Role of Biomarkers for Drug Development in Cardiovascular Disorders

The cardiovascular therapeutic area is complex and includes a number of overlapping diseases. In the past, low-cost biomarkers, such as blood pressure and cholesterol measurements were used. However, they do not address issues such as plaque stability and size. Many new biomarkers have been discovered in recent years (see Chap. 15). Many of these are bases for diagnostic tests and there have potential uses in drug discovery and development. There is need for better diagnostic tests including those encompassing metabolic syndrome - a constellation of disorders including cardiovascular diseases, diabetes, and obesity. Other clinical biomarkers for cardiovascular diseases will include intravascular ultrasound, and in vivo tests for plaque composition and stability using imaging. Biomarkers will be important for development of personalized therapies for cardiovascular disorders.

Role of Biomarkers for Drug Development in Neurological Disorders

The ideal biomarker for CNS drug development should recognize the mechanism of action of a potential new therapy (mechanism-based biomarker) and the relation between biomarker endpoint and intervention should have a biologically plausible explanation. Biomarker endpoints need to be investigated in both animals and humans, as the extrapolation of animal models of disease to human pathology is often uncertain. Validation process is required for a better definition of the biomarker sensitivity, specificity, positive and negative predictive value, accuracy, likelihood ratio of positive and negative tests, discriminant validity, sensitivity to change and to treatment difference.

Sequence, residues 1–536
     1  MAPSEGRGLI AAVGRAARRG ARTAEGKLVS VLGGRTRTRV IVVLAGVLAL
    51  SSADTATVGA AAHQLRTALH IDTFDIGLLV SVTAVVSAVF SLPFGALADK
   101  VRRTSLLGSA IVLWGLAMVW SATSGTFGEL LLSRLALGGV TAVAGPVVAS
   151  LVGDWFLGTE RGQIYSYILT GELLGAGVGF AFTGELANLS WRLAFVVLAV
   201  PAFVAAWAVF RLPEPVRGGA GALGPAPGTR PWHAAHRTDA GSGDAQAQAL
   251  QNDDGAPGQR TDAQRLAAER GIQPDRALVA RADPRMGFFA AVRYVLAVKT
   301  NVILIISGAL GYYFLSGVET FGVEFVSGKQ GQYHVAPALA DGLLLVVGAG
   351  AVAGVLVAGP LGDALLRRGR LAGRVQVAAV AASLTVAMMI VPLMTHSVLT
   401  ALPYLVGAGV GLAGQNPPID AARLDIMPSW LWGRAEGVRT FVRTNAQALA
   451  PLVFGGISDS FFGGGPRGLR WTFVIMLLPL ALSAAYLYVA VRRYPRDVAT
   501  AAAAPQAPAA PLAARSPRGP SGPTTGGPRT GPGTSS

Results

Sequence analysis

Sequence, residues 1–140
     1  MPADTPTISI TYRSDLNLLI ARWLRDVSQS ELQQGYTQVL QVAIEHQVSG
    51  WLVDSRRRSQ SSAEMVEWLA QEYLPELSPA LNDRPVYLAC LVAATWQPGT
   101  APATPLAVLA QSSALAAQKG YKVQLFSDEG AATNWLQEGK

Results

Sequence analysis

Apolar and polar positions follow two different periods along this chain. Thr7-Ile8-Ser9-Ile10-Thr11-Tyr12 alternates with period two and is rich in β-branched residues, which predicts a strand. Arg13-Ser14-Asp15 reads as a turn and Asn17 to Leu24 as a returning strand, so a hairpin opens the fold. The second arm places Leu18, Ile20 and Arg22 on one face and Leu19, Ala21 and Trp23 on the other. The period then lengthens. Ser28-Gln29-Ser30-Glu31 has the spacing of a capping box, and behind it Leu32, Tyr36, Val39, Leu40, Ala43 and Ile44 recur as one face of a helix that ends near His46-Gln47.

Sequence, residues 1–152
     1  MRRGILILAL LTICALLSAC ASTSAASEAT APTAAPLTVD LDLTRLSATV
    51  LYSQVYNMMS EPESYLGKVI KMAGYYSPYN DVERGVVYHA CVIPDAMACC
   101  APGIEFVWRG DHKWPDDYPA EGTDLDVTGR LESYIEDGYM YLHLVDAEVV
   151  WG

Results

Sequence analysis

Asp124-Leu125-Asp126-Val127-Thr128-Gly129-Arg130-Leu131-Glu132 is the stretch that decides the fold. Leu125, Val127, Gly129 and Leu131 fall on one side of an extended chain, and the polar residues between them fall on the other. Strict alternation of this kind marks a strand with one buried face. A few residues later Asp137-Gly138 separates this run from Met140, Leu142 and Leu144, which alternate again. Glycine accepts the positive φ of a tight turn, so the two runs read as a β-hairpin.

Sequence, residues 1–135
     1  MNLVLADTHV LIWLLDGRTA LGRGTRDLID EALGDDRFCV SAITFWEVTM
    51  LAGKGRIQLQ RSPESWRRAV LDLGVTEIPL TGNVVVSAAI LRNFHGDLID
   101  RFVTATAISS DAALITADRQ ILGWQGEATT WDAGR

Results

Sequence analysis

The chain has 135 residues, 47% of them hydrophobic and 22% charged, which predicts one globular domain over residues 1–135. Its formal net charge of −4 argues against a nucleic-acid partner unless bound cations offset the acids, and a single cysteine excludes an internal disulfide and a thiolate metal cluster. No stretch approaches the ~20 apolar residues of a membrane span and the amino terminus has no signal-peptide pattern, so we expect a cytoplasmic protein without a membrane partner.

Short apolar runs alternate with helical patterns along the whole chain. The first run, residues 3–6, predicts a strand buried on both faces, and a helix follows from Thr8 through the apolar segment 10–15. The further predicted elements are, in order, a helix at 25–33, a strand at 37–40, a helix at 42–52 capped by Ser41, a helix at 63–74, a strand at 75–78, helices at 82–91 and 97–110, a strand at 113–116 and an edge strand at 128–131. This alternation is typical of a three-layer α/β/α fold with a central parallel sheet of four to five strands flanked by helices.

Improvements in biomarker-based drug discovery in neurological disorders will take place first in diseases without satisfactory treatment, e.g. neurodegenerative disorders, schizophrenia, and pain. The biology of these diseases is not well understood, and the phenotype is complex. This hampers the biomarker discovery and development process, but there is promise in case of Alzheimer’s disease to assess the benefit of treatment using imaging and other biomarker techniques (see Chap. 14). Complex diseases, such as schizophrenia and depression, to be most difficult, with biomarker applications developing at a later date.

Neuroimaging is a key biomarker that provides a unique bridge from the laboratory to the clinic in CNS drug development as quantitative biomarkers as surrogate efficacy measures are often lacking and clinical trial endpoints can be confounded by high placebo response. It can be used preclinically to select candidate drug molecules during drug discovery and clinically to facilitate proof of concept testing and optimization of resources through prioritization of decision making during the development of new therapeutics.

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